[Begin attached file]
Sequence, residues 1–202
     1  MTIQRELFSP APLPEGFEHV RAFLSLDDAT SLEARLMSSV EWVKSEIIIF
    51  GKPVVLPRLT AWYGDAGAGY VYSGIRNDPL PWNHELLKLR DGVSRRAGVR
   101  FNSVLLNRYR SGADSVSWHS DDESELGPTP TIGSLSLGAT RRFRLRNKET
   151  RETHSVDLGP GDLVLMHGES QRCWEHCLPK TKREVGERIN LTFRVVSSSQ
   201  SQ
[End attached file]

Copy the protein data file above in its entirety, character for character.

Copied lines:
Sequence, residues 1–202
     1  MTIQRELFSP APLPEGFEHV RAFLSLDDAT SLEARLMSSV EWVKSEIIIF
    51  GKPVVLPRLT AWYGDAGAGY VYSGIRNDPL PWNHELLKLR DGVSRRAGVR
   101  FNSVLLNRYR SGADSVSWHS DDESELGPTP TIGSLSLGAT RRFRLRNKET
   151  RETHSVDLGP GDLVLMHGES QRCWEHCLPK TKREVGERIN LTFRVVSSSQ
   201  SQ